Despite a patch being issued, many companies have not yet applied the patches to their systems – and cybercriminals are taking advantage of that in a recent slew of government-targeted attacks.

The CISA and FBI warned that various APT actors are commonly using a Fortinet vulnerability to gain initial access to companies. That flaw (CVE-2018-13379) is a path-traversal glitch in Fortinet’s FortiOS Secure Socket Layer (SSL) virtual private network (VPN) solution. While the flaw was patched in April 2019, exploitation details were publicized in August 2019, opening the door for attackers to exploit the error.

Other initial vulnerabilities being targeted in the attacks include ones in Citrix NetScaler (CVE-2019-19781), MobileIron (CVE-2020-15505), Pulse Secure (CVE-2019-11510), Palo Alto Networks (CVE-2020-2021) and F5 BIG-IP (CVE-2020-5902).

After exploiting an initial flaw, attackers are then leveraging the Zerologon flaw to escalate privileges, researchers said. They then use legitimate credentials to log in via VPN or remote-access services, in order to maintain persistence.

#critical infrastructure #vulnerabilities #web security #alert #apts #chaining #cisa #citrix netscaler #cve-2018-13379 #cve-2019-11510 #cve-2019-19781 #cve-2020-1472 #cve-2020-15505 #cve-2020-2021 #cve-2020-5902 #election security #election systems #exploit chain #f5 big-ip #fbi #government attacks #microsoft #mobileiron #palo alto networks #pulse secure #vpn #warning #zerologon

Fannie  Zemlak

Fannie Zemlak

1602730800

Zerologon Attacks Against Microsoft DCs Snowball in a Week

A spike in exploitation attempts against the Microsoft vulnerability CVE-2020-1472, known as the Zerologon bug, continues to plague businesses.

That’s according to researchers from Cisco Talos, who warned that cybercriminals are redoubling their efforts to trigger the elevation-of-privilege bug in the Netlogon Remote Protocol, which was addressed in the August Microsoft Patch Tuesday report. Microsoft announced last week that it had started observing active exploitation in the wild: “We have observed attacks where public exploits have been incorporated into attacker playbooks,” the firm tweeted on Wednesday.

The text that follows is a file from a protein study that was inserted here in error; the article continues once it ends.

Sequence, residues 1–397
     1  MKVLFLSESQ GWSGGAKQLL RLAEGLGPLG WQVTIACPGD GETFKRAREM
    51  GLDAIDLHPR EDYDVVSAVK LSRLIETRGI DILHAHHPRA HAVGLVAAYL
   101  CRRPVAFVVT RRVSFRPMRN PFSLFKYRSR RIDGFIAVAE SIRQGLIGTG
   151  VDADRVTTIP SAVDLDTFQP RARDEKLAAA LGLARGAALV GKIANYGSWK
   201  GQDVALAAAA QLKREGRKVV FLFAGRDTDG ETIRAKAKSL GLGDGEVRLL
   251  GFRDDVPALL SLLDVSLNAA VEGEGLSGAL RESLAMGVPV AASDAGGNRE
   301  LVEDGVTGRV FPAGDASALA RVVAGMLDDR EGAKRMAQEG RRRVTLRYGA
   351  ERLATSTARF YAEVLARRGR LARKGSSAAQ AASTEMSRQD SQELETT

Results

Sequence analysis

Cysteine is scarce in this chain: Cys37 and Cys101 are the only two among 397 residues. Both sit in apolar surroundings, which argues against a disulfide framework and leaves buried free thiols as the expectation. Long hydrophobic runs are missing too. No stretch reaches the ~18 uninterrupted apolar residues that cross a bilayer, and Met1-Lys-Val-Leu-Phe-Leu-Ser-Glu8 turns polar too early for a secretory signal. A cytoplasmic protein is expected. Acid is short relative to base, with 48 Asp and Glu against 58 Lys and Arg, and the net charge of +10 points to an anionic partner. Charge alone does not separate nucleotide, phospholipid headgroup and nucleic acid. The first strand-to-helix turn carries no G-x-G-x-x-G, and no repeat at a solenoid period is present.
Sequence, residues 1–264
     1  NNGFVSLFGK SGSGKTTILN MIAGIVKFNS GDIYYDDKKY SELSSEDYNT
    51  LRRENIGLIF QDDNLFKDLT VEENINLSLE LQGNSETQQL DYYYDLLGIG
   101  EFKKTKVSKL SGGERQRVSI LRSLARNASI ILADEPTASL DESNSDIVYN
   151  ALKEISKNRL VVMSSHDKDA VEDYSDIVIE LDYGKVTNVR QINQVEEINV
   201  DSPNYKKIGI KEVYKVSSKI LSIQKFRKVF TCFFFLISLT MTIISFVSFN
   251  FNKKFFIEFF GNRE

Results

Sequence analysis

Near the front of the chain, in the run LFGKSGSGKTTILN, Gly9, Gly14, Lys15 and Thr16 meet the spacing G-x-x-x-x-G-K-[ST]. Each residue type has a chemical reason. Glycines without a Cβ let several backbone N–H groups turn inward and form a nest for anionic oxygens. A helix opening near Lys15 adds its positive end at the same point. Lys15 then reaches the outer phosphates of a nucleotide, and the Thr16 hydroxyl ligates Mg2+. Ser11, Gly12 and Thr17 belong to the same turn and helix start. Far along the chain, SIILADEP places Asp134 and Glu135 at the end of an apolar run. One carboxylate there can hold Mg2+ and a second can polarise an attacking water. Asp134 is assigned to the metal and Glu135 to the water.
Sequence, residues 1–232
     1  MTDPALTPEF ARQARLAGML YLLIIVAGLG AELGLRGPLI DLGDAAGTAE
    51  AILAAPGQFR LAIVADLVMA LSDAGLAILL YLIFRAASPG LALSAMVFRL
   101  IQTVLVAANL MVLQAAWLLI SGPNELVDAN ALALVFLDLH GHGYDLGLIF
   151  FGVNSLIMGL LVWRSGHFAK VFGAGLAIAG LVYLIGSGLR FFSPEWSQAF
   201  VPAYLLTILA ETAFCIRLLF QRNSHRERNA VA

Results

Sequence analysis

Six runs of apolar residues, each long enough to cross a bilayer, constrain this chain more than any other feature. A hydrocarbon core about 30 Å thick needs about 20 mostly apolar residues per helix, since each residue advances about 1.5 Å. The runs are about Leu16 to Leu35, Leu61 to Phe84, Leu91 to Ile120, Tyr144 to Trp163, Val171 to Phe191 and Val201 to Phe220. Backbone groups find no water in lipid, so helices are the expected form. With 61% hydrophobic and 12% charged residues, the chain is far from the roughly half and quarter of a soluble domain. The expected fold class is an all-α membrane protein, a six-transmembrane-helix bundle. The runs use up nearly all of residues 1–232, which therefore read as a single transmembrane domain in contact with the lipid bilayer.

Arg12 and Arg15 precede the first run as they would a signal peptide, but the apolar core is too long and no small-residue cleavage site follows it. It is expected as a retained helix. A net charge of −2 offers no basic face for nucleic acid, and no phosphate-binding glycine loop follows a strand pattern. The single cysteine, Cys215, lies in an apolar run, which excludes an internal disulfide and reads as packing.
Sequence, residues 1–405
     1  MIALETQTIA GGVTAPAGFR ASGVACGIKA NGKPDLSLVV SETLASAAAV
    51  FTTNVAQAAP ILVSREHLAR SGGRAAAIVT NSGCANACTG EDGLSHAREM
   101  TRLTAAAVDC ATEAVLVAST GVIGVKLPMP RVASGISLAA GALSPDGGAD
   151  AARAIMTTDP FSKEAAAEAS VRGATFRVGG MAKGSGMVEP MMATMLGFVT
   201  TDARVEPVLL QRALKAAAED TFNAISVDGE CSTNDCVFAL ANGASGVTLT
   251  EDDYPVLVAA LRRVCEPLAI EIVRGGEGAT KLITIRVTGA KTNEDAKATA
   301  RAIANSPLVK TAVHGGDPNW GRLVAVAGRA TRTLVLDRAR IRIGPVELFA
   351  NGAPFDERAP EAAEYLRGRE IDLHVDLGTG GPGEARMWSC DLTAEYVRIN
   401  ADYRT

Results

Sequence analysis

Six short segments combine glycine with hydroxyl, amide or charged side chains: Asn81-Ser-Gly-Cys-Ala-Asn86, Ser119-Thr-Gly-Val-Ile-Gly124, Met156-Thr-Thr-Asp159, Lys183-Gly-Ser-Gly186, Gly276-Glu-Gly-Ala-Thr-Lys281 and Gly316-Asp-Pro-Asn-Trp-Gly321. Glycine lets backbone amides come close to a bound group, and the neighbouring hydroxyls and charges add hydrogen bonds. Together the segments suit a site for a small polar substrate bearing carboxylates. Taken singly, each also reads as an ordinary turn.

Now, the volume of those attacks is ramping up, according to Cisco Talos, and the stakes are high. Netlogon, available on Windows domain controllers, is used for various tasks related to user- and machine-authentication. A successful exploit allows an unauthenticated attacker with network access to a domain controller (DC) to completely compromise all Active Directory identity services, according to Microsoft.

“This flaw allows attackers to impersonate any computer, including the domain controller itself and gain access to domain admin credentials,” added Cisco Talos, in a writeup on Monday. “The vulnerability stems from a flaw in a cryptographic authentication scheme used by the Netlogon Remote Protocol which — among other things — can be used to update computer passwords by forging an authentication token for specific Netlogon functionality.”

Four proof-of-concept (PoC) exploits were recently released for the issue, which is a critical flaw rating 10 out of 10 on the CvSS severity scale. That prompted the U.S. Cybersecurity and Infrastructure Security Agency (PDF) issued a dire warning that the “vulnerability poses an unacceptable risk to the Federal Civilian Executive Branch and requires an immediate and emergency action.” It also mandated that federal agencies patch their Windows Servers against Zerologon, in a rare emergency directive issued by the Secretary of Homeland Security.

#hacks #vulnerabilities #web security #active attacks #active exploitation #attacks #cisco talos #cve-2020-1472 #domain controllers #in the wild #microsoft #privilege elevation #snowballing #two-phase patch #zerologon

Mikel  Okuneva

Mikel Okuneva

1597669200

Black Hat 2020: 'Zero-Click' MacOS Exploit Chain Uses Microsoft Office Macros

A new “zero-click” MacOS exploit chain could allow attackers to deliver malware to MacOS users using a Microsoft Office document with macros. The attack bypasses security measures that both Microsoft and Apple have put in place to protect MacOS users from malicious macros.

The exploit chain, revealed by Patrick Wardle, principal security researcher with Jamf, at Black Hat USA 2020, runs macros without an alert or prompt from the Microsoft Office application that prompts explicit user approval – meaning that when a user opens the document, the macro is automatically executed.

“As the current [macros-based] attacks are lame… I wanted to make them ‘better’ to raise awareness about this attack vector, and also highlight how it could easily be worse,” Wardle told Threatpost. “I found a sandbox escape and a bypass of Apple’s new notarization requirements, and combined that with another zero day (from another researcher) to make a full ‘zero-click’ exploit chain.”

Wardle notified both Microsoft and Apple about his findings. Apple patched the flaws with the release of MacOS 10.15.3, but told Wardle “this issue does not qualify for a CVE.” Microsoft meanwhile told Wardle that the exploit chain was an issue “on the Apple side.”

Current Macro-Based Attacks